When my sister—12 years my senior—tells me I need to get the latest technology spreading across her social network, I feel somewhat ashamed.
“You’re the so-called tech expert,” she’ll tell me. “Why aren’t you using this?” In the world of personal technology, there’s no shortage of what’s new or what’s next. Every week there’s a shiny new gadget, a happening new website or a compelling new app that commands our attention. And, generally speaking, I think I’m pretty good at keeping pace.
But in the case of Internet-based calling service Skype, well, I dropped the ball—and there’s simply no excuse.
My sister, who lives in the Midwest, has been using Skype for some time now, mainly to communicate with her daughter, who lives on the West Coast.
“The best thing about Skype is that I can see my nieces and nephews as often as I’d like—even if I can’t see them as often as I’d like in person,” she says. “It feels like you’re right there and not so far away. When are you guys going to sign up so I can see my niece and nephew more often?”
I hadn’t been using Skype simply because I never got around to downloading the software. Boy, was that a mistake; it’s cool and darn useful, too. The fact that I hadn’t been using it until recently is rather embarrassing. (But hey, I can admit that.) Using the computer-to-computer video-conferencing software, I can sit in my Chicago living room, plop my 2-year-old daughter on my lap and call my sister in Michigan. For free.
Her only complaint: “Sometimes there’s a little delay and you see the lips move before you hear the words, like a badly dubbed Japanese movie.”
International calls are a huge lure for Skype users. My friend Max is a Web designer and uses Skype all the time as part of his global business.
“I started using it a lot when I was traveling abroad,” he says. “It cost me a fraction of a penny [per minute] to make calls back to the U.S.” Skype launched in 2003 and by 2006 was reaching 100 million users worldwide. Today the company says 20 million people use Skype during peak hours, and about one-third of those calls are video-based.
There are other choices for Internet video calling, of course. Camfrog, OoVoo and even Google’s Gmail-based chat service are among the outfits that offer free video calling; I personally find the video quality in Google chat to be better.
The Google video chat is integrated into Gmail’s free Web-based e-mail service, so when you are logged into your e-mail account you can see which of your contacts are, too, and which ones are available for a video-chat. (An icon of a little video camera sits next to the names of the friends in your contact list who have enabled the service.)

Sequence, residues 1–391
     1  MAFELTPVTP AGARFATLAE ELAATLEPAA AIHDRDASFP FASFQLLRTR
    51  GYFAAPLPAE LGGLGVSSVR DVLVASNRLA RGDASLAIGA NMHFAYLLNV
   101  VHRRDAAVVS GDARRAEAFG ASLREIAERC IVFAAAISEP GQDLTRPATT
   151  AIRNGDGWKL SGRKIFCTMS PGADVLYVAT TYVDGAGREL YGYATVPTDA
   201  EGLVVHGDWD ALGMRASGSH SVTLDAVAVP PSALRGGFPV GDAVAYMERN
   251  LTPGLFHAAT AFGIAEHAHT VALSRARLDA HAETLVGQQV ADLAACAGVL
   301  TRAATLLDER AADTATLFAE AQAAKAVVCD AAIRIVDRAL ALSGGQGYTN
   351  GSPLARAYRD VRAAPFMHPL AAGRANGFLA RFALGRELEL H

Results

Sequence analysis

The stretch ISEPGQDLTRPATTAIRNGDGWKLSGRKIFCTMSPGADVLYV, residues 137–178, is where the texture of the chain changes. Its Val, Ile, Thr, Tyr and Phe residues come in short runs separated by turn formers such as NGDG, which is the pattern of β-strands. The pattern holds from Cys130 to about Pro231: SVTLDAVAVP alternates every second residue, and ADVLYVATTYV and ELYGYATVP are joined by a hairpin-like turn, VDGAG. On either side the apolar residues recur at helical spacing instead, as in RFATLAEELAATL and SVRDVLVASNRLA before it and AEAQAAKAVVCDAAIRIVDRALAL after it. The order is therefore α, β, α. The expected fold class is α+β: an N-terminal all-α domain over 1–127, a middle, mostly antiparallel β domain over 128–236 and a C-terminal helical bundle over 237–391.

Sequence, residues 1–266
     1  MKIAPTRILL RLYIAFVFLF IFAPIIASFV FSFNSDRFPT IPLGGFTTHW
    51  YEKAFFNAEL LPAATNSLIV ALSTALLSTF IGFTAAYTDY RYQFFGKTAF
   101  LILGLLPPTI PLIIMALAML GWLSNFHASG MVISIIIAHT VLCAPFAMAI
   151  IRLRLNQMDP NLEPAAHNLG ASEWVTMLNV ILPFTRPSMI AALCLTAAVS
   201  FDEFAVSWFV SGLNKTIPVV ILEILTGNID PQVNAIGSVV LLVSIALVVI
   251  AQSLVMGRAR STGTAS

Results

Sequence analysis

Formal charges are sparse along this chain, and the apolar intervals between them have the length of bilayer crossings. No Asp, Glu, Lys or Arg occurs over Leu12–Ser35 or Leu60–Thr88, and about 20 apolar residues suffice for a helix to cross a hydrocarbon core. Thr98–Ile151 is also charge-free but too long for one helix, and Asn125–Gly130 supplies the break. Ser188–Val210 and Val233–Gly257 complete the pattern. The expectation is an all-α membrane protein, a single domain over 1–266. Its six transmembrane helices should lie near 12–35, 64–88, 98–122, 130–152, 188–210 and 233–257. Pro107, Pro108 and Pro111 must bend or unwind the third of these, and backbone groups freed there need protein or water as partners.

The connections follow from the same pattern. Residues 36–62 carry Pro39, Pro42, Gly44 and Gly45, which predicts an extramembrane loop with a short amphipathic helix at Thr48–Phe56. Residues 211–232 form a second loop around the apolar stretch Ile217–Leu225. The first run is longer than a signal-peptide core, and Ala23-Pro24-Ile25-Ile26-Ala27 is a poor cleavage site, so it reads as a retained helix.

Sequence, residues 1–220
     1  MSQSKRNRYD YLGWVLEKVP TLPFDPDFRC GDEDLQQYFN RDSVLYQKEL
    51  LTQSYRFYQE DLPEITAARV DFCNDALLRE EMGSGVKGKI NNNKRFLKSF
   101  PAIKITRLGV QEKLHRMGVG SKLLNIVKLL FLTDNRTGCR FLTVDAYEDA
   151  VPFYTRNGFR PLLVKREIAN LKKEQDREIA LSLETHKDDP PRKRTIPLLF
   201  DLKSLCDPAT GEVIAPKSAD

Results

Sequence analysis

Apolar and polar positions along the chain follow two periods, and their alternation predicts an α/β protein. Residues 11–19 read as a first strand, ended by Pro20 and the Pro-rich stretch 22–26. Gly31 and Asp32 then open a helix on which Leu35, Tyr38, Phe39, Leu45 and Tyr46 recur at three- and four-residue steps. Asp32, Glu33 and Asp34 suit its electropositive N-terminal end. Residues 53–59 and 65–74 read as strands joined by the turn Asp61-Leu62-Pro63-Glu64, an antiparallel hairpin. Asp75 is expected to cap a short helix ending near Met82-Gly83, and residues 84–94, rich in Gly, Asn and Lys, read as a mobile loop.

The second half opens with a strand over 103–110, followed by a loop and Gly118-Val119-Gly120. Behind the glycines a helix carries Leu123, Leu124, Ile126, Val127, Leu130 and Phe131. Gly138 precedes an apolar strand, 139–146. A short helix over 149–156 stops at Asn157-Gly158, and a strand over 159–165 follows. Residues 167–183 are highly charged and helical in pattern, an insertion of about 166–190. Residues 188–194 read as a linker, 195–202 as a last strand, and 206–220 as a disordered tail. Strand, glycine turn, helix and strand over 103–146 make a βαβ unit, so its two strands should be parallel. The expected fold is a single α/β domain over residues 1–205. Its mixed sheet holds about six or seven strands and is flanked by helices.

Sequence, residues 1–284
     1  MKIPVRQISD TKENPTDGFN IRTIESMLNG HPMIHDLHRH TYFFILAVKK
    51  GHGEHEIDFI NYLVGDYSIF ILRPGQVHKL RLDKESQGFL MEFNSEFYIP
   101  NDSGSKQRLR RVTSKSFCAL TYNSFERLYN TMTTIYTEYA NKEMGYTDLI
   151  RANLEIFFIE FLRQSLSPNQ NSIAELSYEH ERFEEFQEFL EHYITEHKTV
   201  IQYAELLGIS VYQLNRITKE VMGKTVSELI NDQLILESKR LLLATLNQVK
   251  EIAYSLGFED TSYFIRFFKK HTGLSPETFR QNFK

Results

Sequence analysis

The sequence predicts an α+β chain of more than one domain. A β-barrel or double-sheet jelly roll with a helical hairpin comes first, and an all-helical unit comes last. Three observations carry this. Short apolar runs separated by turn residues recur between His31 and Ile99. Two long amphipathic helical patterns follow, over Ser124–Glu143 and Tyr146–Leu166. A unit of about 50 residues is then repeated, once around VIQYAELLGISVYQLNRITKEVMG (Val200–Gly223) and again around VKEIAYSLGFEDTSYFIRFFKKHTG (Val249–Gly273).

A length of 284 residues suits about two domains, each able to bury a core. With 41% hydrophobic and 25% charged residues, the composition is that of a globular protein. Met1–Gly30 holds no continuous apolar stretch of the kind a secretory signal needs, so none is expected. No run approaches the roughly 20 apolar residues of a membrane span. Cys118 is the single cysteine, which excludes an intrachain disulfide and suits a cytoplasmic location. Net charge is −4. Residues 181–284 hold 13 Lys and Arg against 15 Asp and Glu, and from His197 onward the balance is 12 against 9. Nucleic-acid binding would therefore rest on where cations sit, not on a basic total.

All you need to video-chat via Skype or Google chat is a webcam and a decent Internet connection (Any cable or DSL connection should do; Skype recommends 60 KB/sec. for standard, audio-only calls; 256 KB/sec. for medium-quality video calls and 512 KB/sec. for high quality video calls). Most newer computers come with built-in webcams but you can buy one for about $25 if you don’t have one already. Once your camera is set up, just download the software and you’ll be video-chatting in no time—it took me all of 10 minutes to download, install, register an account and start chatting.
Starting later this year, Skype will come pre-installed on select LG, Panasonic and Samsung HDTVs—no downloads or additional installation required. This is just part of a wave of Web-based services such as Netflix and Pandora that are beginning to come pre-installed on television sets. Instead of a laptop of standard computer, these new Internet-ready TVs will allow users to use Skype from the living room sofa; the TV will replace the computer monitor and the webcam will be built into the TV set.
Before that, however, you can use Skype on Playstation Portable gaming systems and, starting this month, on select Verizon smartphones (data plan required). Likewise, there’s a Skype app for the iPhone—and the iPod touch, too, which effectively turns the Web-enabled music player into a phone.
Some people think mobile Skype will hurt the mobile phone carriers, but I don’t, since users still need to pay the carrier $30 or so a month for a data plan to make the service work.
Skype-to Skype computer-based calls are free but Skype-to-landline (or cell phone) calls are not. Plans start at about $2 a month for domestic calling and top out at about $9 a month for unlimited international calls, and there is a pay-as-you-go option, as well.
Chicago-based technology columnist Eric Benderoff writes about consumer electronics and runsBendableMedia.com, an editorial services firm. He frequently discusses tech trends and new gadgets on various national radio and TV programs. Follow him on Twitter @ericbendy.